So for using these new tags it really depends on how you write your markup, and there is no right or wrong way for how go about it. Take lists for example, you may use them for your navigation and not want them styled and also use them in your main content and need them styled. You could either add extra classes to specify which lists are styled or you could use your markup and target styles from the tags alone:

<nav>
 <ul>
  <li><a href="">Nav item 1</a></li>
  <li><a href="">Nav item 2</a></li>
 </ul>
</nav>
<div>
 <ul>
  <li><a href="">List item 1</a><li>
  <li><a href="">List item 1</a></li>
 <ul>
</div>

and in your CSS:


ul { list-style: bullet }
nav ul { list-style: none; }

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2  
“If you ask anyone who was part of the working group why these particular tags and not any others were chosen they can't really answer”. Right. Except if you ask Ian Hickson, as xhtml.com did in this interview, where he replied that the new elements were based on what authors were already doing, which was judged via a survey of several billion web pages done by Google. – Paul D. Waite Sep 30 '10 at 13:09
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You’ll notice for example that 1. nav was the 8th most commonly-used class, 2. navigation wasn’t in the top 20, and 3. nav takes up fewer bytes of bandwidth than navigation. – Paul D. Waite Sep 30 '10 at 13:11
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Paul, that was just an opinion in the first paragraph there reflecting the context of the original question. I wouldn't think continuing the discussion around HTML5 would not be useful - that response was from a Q & A session after a talk at @media in London earlier this year following a question about why these specific tags were chosen. If you read my answer fully you'll see that I did point out what web developers have to gain by using HTML5 tags – graham Sep 30 '10 at 13:21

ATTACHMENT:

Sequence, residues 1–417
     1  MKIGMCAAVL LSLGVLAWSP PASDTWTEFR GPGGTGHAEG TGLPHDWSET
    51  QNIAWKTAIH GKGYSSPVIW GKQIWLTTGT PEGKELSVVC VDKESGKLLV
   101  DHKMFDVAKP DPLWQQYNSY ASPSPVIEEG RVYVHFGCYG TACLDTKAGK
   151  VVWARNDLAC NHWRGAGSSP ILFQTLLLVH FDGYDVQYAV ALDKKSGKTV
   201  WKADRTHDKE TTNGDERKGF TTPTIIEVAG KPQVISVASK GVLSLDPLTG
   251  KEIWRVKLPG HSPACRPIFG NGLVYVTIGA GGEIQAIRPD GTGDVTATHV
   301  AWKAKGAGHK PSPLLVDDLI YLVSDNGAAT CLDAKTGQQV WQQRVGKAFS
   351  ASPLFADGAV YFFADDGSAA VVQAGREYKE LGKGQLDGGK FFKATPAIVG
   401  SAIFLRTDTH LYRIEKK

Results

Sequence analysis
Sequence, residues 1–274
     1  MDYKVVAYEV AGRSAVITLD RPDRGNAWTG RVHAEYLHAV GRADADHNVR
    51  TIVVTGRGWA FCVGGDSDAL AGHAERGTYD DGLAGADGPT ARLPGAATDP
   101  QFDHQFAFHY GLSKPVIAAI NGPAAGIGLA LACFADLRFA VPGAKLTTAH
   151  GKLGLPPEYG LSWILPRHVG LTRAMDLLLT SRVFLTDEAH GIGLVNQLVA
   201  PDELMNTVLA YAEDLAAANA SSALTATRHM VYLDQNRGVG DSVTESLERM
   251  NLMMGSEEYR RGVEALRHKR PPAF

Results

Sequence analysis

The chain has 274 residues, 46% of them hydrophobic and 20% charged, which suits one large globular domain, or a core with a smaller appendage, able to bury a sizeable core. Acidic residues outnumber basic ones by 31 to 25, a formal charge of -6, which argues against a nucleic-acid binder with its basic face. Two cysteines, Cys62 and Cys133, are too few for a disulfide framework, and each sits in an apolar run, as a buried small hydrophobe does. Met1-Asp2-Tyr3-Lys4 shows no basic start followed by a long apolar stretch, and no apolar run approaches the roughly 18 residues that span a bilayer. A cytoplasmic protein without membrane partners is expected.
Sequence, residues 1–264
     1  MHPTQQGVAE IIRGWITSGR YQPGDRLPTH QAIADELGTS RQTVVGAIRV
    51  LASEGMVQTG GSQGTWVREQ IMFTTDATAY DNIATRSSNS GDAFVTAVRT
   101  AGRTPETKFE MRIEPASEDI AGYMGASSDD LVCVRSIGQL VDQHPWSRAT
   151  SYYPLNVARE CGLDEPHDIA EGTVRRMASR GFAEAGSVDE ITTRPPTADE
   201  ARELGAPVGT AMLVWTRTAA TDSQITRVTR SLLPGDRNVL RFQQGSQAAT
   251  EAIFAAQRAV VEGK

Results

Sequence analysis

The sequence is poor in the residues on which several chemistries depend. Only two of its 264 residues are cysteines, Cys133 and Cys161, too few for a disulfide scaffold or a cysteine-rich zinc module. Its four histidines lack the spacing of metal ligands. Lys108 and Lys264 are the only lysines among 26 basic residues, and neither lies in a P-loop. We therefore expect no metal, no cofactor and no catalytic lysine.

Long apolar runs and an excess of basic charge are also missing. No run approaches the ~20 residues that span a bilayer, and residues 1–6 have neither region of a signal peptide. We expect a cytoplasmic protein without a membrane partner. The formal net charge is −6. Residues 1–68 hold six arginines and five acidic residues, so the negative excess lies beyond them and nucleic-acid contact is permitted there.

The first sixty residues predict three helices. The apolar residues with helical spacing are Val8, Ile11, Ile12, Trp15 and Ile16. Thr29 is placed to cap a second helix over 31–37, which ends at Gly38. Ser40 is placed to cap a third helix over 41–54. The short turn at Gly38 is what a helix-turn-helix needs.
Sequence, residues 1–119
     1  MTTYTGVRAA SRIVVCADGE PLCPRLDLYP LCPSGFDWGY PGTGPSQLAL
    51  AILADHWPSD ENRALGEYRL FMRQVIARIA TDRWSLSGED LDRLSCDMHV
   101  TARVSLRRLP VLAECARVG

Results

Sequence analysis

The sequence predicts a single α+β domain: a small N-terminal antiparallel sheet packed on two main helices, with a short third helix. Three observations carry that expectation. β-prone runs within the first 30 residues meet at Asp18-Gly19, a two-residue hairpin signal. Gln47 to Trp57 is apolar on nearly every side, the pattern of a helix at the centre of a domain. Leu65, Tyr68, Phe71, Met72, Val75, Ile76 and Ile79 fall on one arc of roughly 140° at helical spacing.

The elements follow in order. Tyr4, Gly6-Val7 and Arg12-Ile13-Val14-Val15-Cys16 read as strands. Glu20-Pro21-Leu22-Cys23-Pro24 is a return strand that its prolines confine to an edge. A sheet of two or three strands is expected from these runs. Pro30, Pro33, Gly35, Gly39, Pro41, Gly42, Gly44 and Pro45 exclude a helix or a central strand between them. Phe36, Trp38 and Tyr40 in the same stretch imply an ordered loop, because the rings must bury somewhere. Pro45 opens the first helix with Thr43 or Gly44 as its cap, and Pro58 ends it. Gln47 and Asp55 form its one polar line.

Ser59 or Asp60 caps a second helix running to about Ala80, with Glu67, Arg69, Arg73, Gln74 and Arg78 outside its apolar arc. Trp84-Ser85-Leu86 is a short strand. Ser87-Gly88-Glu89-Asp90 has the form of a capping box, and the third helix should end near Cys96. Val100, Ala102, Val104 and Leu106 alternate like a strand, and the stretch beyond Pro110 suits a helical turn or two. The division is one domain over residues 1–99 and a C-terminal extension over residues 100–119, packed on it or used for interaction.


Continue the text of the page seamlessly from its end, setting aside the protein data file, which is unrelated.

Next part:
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“that was just an opinion in the first paragraph there reflecting the context of the original question” — You mean my quote from you? It doesn’t really read as an opinion, it reads like you’re stating that there wasn’t any reason why the tags mentioned were added to HTML5 instead of others. And that’s incorrect. That’s the only bit of your answer I object to. – Paul D. Waite Sep 30 '10 at 14:28
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That's understandable, I've edited the first paragraph of my answer to remove any potentially misleading statements. – graham Sep 30 '10 at 15:27